Each week, frayintermedia highlights a journalist doing good work on the continent and honours them as our #FaveOfTheWeek. Meet Ugandan Betty Amamukirori, a New Vision journalist who reports on issues such as health, courts and parliament. She recently won the Breaking News award for her story “Armed gangs in Kween forcibly mutilating girls” at the Uganda National Journalism 2020 awards.
Q. How did you become a journalist?
A. I studied journalism and communication at Makerere University and during that period I used to write for the university newspaper.
Through the four years (of studying) I never envisaged that I would be a journalist, that I would join mainstream media.
But then during my final year at the university, as we were doing our final year projects, a thought came to my mind and I shared it with my best friend at that time. So I told her, "Why don't we go to a newsroom in any media house in the country and ask for a place to write?” We could write, I'd been writing, but I wasn't really sure of the quality of my work compared to the good stories that were published in the newspapers.
She was up for the idea. So we woke up one day and walked into the New Vision newsroom.
Q. What does winning the Breaking News Award at the Uganda Journalism Awards mean to you?
A. It really does mean a lot, especially for journalists who do hard news reporting, you know, most of the journalism awards tend to recognise issues of investigative journalism, beat-specific reporting, and features reporting. Normally, you find that journalists who report in the general field rarely get recognised.
So this award means a lot, not only for me but for other journalists who are in the news beat. It means that even as our works are being appreciated and are being recognised and it's quite encouraging. And I believe that many more journalists out there who are in the news reporting will get motivated.
Q. What stories should African journalists be telling more?
A. I think any story that highlights issues in the communities, issues that are affecting people in the society in this story that offer solutions, some of these issues is a story worth telling. So as a journalist or an African journalist, to be specific, I think we should be highlighting more stories on gender-based violence issues like domestic violence, sexual violence, issues of modern-day slavery, issues of kidnappings, issues of murder. These are some of the biggest issues that are affecting our society, that are affecting our women, that are affecting our girls.
These are issues that I've seen where many of our young girls are getting married at a very tender age, seeing many of our young girls and getting pregnant at a very tender age and dropping out of school and ending up having their dreams cut short. Those are the issues.
But I think we as journalists should be focusing our attention on issues of climate change. How is climate change affecting our communities? How is it affecting our lives? How is it affecting women? How is it affecting the children?
And how do we tell these stories and in the way that people understand? In a way that it empowers the people to come up with solutions? In a way that it calls on the stakeholders to take action? This is, I think, one of the second biggest issues that we as African journalists should be reporting about.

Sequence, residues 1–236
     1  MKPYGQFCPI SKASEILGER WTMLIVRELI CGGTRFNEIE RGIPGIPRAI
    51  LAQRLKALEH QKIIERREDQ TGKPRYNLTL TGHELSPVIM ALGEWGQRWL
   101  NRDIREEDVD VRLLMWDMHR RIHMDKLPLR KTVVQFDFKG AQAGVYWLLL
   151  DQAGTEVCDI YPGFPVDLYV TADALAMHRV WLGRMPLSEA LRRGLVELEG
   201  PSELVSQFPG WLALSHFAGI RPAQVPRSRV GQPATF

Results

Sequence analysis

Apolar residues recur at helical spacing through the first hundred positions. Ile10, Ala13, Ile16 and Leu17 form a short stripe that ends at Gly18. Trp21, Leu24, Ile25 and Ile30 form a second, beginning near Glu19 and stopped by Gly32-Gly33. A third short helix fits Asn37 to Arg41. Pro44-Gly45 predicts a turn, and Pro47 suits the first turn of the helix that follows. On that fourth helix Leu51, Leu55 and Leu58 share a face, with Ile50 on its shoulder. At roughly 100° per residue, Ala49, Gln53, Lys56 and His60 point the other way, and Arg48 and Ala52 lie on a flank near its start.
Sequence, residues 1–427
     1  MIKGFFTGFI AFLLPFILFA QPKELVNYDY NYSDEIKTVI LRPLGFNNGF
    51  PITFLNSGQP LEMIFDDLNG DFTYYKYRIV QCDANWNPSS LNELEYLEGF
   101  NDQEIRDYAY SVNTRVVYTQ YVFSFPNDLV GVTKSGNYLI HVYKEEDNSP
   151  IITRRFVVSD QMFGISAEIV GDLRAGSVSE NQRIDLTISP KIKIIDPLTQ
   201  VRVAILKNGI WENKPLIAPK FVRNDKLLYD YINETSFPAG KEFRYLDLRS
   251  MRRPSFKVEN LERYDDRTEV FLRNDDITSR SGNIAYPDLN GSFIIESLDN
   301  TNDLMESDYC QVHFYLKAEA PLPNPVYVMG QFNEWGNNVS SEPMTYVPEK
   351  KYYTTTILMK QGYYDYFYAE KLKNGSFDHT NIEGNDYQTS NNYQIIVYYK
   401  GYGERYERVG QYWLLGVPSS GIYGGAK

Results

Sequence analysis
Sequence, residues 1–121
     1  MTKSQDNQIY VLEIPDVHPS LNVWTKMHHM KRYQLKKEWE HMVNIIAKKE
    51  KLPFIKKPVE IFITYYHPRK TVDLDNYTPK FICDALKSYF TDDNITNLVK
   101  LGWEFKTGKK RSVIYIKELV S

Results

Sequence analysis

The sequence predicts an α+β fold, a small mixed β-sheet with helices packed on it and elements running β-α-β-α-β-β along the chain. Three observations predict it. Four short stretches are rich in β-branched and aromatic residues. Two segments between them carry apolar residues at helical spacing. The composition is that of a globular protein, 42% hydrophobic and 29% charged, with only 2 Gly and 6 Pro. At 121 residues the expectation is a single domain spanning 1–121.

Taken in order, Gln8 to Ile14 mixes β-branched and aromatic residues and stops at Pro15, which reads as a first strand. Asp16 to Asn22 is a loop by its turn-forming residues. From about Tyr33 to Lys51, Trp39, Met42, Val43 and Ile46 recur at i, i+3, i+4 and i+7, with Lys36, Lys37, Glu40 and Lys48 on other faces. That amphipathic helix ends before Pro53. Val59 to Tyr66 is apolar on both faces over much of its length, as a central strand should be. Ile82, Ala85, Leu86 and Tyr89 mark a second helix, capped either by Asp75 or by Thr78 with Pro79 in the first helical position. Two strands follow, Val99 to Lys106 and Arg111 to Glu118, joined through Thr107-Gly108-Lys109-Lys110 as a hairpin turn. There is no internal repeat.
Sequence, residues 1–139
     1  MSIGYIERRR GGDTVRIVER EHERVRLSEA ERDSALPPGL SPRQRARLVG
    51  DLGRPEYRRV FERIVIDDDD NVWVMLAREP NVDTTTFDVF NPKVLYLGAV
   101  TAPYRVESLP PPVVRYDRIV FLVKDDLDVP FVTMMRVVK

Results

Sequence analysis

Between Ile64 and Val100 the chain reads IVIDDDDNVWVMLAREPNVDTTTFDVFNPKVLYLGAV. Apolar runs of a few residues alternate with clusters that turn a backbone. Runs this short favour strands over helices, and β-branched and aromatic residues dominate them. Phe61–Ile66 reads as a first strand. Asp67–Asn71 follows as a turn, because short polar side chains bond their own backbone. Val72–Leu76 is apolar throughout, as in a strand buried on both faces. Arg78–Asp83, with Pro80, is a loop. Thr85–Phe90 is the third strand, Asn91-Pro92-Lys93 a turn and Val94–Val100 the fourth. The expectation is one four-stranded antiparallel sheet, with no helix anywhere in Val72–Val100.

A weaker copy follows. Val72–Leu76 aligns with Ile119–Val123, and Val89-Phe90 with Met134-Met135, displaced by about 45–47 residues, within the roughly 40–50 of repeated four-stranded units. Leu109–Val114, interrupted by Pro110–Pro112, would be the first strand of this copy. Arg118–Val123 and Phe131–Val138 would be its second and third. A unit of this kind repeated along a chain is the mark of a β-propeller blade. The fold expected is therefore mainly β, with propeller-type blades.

Then, of course, the other issue is the extractive industry. So many companies, so many countries are now focusing so much on oil and gas, but then how are our societies affected? How are our people affected? How are people going to benefit? From oil and gas, how is the bread going to be shared? Who is benefiting and who is not? The impact on health, how are these issues going to be mitigated, issues of employment?
I think these three are some of the stories that we should be telling as journalists.
Q. What’s the biggest payoff in being a journalist?
A. The biggest payoff for a journalist is not money, it's the satisfaction that you get in seeing that your stories are causing impact and that the people you wrote about in your stories are getting the help that they need. Having someone call you up early in the morning to say: "Thank you. I was dying, but your article saved me," is priceless, it's really priceless.
I can't compare it to anything, it gladdens my heart. It gives me peace in knowing that I'm contributing, that I'm the vehicle for that positive change. And people can trust me with their problems. They can trust me to bring about that change through my writing.
Why, despite all the challenges in the profession, do you stay in journalism?
A. I agree, journalism as a profession has a lot of challenges, right, from poor pay to intimidation by state authorities, intimidation by people who do not want to be exposed to intimidation by lawbreakers, sometimes arrests, sometimes abuse, and sometimes kidnappings. There is so much that can easily scare you off the profession.
But then, what keeps us going is the passion, the love for the job.
I think it's the satisfaction that really keeps us going, knowing that what we do is in one way or the other, helping our society, helping to address some of the issues that affect our societies. I love my work. I love what I do. I love journalism. And I pray that passion never dies. That it keeps going on because I feel that I was born to do this, and I hope to be better as time goes.
Is there a journalist you would like to see featured as a #FaveOfTheWeek? Let us know at firstname.lastname@example.org.